Titled FASHION NOW, the momentous all African British Vogue February 2022 cover spotlights nine striking young black models – Adut Akech, Anok Yai, Amar Akway, Majesty Amare, Akon Changkou, Maty Fall, Janet Jumbo, Abény Nhial and Nyagua Ruea pushing the boundaries not only of beauty but of the entire fashion world, redefining what it is to be a model.
The models are “representative of an ongoing seismic shift that became more pronounced on the spring/summer ’22 runways. Prada, Louis Vuitton, Balenciaga, Saint Laurent, Miu Miu and many more were awash with dark-skinned models whose African heritage stretched from Senegal to Rwanda to Sudan to Nigeria to Ethiopia. For an industry long criticised for its lack of diversity, as well as for perpetuating beauty standards seen through a Eurocentric lens, this change is momentous,” the mag writes.
“I saw all these incredible models from across Africa who were just so vivacious and smart,” recalls Edward Enninful, British Vogue’s editor-in-chief and European editorial director, dishing on the inspiration behind shooting an all-Black, all African stunning cover by
Rafael Pavarotti, “These girls,” he continues, “are redefining what it is to be a fashion model.” This, he asserts, is well overdue. “You know, fashion tends to follow waves. We’ve had the Brazilian wave. We had the Dutch wave, the Russian wave, the Eastern European wave… And while, in the last decade, the Black model has come to prominence, I love that we are finally giving more space to African beauty.”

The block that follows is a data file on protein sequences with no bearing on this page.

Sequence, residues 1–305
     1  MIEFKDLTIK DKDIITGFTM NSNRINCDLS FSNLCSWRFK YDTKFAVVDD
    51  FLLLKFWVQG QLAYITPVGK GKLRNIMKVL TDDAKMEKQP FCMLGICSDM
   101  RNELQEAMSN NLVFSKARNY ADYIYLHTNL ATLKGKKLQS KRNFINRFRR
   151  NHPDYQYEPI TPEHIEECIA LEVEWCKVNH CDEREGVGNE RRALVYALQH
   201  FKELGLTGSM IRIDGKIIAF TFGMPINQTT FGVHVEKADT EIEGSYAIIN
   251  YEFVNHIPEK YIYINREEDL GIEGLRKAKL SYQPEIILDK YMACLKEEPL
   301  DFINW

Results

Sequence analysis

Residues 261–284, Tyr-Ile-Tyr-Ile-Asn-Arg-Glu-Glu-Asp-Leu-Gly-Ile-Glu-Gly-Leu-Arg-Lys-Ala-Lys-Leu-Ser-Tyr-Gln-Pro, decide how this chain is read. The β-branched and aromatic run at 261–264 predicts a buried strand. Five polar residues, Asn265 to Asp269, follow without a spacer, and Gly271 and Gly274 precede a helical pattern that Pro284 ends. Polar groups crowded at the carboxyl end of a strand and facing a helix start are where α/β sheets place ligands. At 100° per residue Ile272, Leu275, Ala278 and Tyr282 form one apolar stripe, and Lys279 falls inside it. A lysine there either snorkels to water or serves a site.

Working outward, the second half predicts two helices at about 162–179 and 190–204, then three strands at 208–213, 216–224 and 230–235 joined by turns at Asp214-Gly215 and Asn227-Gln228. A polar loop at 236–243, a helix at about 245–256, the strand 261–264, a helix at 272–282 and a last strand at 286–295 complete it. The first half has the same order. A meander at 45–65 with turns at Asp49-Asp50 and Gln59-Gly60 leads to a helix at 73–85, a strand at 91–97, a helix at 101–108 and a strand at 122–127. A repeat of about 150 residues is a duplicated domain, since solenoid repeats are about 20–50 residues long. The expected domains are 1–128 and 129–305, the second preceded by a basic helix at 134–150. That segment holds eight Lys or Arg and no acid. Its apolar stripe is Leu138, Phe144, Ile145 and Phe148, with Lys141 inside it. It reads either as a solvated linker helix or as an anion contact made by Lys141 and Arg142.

At 22, Adut Akech is arguably the most successful African model working today. Following her runway debut at Saint Laurent, in 2016, her international Vogue covers have run into double digits, she has notched up numerous fashion and beauty campaigns – from Valentino to Estée Lauder – and recently bought a house in LA.
Speaking in the new issue and recalling the landscape of five years ago as compared to now, Adut says; “When I first started modeling internationally, I would literally be the only Black, dark-skinned girl in the show. There were no Sudanese models, no African models. Now,” she says, smiling, “I go to a show and there are girls from my country, girls from Africa who look like me. So yes, there has been a huge change. It has gone from me being the only one at a show to 15 or 20 of us. I’m just so happy that we are finally at this place. I was tired of always feeling out of place and feeling like an outcast.”
She added that she hopes that the rising of African models goes beyond a trend: ‘I mean, that is the goal, that it becomes more than a moment. Actually, I don’t see it being a trend. Also, there are so many of us – we are just not going to go out of style.’
The top model has inspired other African models, such as Janet Jumbo, 18-year-old Nigerian model ( the youngest on the list), the first Nigerian to ever walk for Louis Vuitton when the French fashion house signed her for wide exclusive for Louis Vuitton in their AW19 show. She has modeled for Burberry, Balmain, Louis Vuitton and Tod’s. Jumbo says the wave of success African models are riding right now “gives me hope that I can succeed at this”. Janet’s modeling career started after she was discovered by the Raw Model Management boss, Raphael on the streets.
Anok Yai, a fellow Sudanese model, who in February 2018 became only the second Black model ever to open a Prada show (the first was Naomi Campbell, in 1997), also knows what it feels like to be an outsider. “In the beginning, I felt really isolated,” she says. “I got thrown into the modelling industry very quickly and I kind of had to navigate it on my own. I also have social anxiety, and so I struggled a lot with connecting with people. Backstage, there would maybe be one other Black girl, but now my tribe is backstage. I can speak my own language to my friends. They are basically like my family.”
The February 2022 issue of British Vogue hits newsstands on 18 January